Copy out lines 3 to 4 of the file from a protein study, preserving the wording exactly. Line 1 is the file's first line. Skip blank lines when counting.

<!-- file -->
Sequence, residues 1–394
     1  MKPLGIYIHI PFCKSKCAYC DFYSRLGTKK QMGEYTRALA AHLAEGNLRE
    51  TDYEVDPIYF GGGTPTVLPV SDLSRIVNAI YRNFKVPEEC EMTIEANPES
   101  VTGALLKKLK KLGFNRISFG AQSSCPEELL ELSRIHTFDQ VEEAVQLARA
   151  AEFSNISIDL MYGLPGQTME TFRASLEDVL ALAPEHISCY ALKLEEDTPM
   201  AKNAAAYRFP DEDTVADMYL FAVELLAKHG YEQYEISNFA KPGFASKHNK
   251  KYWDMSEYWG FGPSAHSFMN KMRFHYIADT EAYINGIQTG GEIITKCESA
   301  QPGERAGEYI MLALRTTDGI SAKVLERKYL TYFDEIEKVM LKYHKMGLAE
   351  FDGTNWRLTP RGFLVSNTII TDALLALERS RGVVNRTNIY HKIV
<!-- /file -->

    51  TDYEVDPIYF GGGTPTVLPV SDLSRIVNAI YRNFKVPEEC EMTIEANPES
   101  VTGALLKKLK KLGFNRISFG AQSSCPEELL ELSRIHTFDQ VEEAVQLARA